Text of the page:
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Concerns raised by residents delay center project temporarily
By M.K. Lutherfirstname.lastname@example.org
FRONT ROYAL -- Plans for a retreat center in the Shenandoah District will be temporarily delayed after residents renewed their concerns at a Tuesday public hearing.
The Rev. Ingrid Jolly-Trayfors and Miles McCord requested a conditional-use permit to run a nature retreat center at their 28-acre property at 114 Kendall Court.
The property is currently zoned agricultural.
The Warren County Board of Supervisors tabled the request until its April 19 regular meeting after hearing from several neighbors and area residents, all of whom were opposed to the project moving forward.
The proposed Avalonia Nature Retreat would be operated in phases, offering services such as aura imaging, photography and lifestyle coaching.
The initial stage of the project calls for retreat visitors to use the natural environment, including trails and rock gardens.
The second and third stages would include overnight stays for a maximum of six guests, the use of tipis and yirts and the eventual construction of "an all season gazebo" for larger gatherings.
The Warren County Planning Commission in February had recommended approval of the permit for the first and second stages only.
On Tuesday, the applicants requested the supervisors approve all three stages, giving a presentation addressing lingering concerns and citing the submission of numerous letters of support for the project.
Residents of the adjacent Howellsville Heights Circle and adjoining neighborhoods said allowing a commercial business to be run in the mountain subdivision would destroy its rural character.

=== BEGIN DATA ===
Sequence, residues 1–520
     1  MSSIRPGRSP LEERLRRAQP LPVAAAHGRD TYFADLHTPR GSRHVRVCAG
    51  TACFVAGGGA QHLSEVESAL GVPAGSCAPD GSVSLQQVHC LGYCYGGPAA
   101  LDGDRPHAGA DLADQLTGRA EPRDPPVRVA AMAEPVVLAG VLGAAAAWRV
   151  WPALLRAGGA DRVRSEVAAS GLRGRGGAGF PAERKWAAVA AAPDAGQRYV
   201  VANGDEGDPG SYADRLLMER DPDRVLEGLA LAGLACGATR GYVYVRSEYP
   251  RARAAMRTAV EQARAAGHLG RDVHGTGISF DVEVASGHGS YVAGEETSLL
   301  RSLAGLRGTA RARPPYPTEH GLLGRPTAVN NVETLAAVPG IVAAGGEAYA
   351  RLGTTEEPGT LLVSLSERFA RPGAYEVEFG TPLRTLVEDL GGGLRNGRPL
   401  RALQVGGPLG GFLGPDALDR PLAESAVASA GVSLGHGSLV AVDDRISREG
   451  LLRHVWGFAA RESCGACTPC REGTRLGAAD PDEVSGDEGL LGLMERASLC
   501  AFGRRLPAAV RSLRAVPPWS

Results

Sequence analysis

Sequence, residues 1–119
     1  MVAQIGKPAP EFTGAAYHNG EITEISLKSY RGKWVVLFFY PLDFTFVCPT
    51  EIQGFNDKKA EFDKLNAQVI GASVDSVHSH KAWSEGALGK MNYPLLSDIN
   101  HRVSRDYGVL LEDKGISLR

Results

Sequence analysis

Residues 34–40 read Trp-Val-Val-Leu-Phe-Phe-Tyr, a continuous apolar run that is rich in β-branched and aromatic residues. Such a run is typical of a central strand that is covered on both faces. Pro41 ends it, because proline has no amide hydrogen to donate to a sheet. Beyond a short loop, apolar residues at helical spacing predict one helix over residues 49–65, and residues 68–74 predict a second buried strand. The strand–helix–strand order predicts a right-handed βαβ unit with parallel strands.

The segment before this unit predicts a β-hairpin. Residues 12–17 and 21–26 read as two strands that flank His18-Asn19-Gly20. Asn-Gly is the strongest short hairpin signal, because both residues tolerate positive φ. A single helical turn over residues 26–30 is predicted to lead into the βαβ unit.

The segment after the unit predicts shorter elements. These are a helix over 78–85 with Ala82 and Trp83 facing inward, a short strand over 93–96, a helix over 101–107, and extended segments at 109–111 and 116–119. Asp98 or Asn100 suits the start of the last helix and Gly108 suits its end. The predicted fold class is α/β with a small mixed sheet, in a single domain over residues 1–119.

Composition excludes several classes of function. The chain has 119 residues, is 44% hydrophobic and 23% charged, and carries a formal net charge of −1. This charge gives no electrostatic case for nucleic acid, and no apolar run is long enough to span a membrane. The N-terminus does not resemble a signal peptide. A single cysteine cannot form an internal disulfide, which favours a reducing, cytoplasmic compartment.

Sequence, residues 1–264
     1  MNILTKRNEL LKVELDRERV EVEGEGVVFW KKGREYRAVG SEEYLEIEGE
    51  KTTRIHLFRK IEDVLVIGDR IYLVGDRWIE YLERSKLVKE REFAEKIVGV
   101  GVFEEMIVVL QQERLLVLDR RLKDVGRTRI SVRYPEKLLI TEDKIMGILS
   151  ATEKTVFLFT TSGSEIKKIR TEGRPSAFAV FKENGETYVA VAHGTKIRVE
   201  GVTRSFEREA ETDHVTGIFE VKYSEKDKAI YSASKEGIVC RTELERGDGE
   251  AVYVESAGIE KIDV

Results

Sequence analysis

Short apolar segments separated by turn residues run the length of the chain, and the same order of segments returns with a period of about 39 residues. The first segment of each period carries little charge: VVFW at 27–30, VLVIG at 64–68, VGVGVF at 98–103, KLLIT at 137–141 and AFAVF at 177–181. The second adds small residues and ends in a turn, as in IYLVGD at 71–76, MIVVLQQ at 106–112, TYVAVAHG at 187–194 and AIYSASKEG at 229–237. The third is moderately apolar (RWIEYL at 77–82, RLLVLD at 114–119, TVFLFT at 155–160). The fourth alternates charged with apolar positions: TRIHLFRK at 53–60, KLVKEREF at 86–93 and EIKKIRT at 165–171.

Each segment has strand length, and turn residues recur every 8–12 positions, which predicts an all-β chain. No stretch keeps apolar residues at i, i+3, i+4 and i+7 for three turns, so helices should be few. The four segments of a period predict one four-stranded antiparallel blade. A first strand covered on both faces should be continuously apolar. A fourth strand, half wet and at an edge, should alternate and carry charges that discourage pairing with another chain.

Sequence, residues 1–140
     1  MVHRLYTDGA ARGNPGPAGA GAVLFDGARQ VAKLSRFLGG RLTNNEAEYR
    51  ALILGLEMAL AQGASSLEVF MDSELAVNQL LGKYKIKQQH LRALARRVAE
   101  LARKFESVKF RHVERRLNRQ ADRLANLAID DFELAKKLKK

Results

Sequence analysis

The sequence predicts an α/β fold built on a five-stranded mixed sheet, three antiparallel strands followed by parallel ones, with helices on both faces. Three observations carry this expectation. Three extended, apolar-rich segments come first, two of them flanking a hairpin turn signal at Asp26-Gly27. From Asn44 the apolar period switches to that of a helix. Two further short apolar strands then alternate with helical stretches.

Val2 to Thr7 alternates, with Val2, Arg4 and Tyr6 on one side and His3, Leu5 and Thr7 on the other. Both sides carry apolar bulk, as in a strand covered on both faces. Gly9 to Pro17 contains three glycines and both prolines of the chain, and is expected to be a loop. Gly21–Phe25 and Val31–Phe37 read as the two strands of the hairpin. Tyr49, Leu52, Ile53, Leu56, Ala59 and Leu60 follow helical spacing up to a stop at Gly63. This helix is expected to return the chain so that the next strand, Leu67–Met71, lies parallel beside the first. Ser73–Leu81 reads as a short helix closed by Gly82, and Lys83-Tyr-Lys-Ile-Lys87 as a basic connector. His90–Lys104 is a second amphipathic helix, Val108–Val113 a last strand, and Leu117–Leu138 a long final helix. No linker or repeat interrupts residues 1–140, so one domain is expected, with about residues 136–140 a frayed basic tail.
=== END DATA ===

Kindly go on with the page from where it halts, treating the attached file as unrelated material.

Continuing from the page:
Neighbors were also worried that retreat center guests might also be disturbed by risk of the neighborhood's usual recreational, hunting and ATV activities.
Residents also questioned the loss of real estate tax revenue because Jolly-Trayfors' corporation, Avillion, has nonprofit status.
Lisa Buchanan, a Howellsville Heights Circle resident, said neighbors were not opposed to the center's spiritual practices, but did not want a potentially expanding business to be located in their community.
"Our concerns come from expanding this commercial business to see more clients and hosting them in temporary shelters for days at a time," Buchanan said.
The increased traffic flow also could present challenges and raise residents' cost for the privately maintained sections of the rural roads, according to speakers.
"One of the reasons we and our neighbors moved out of the city was to get away from large volume traffic and population areas," Buchanan said.
Supervisor Tony Carter recommended further review of the application to weigh the
concerns and need of both the residents and the applicant.
"We have got to protect everyone's rights here," Carter said.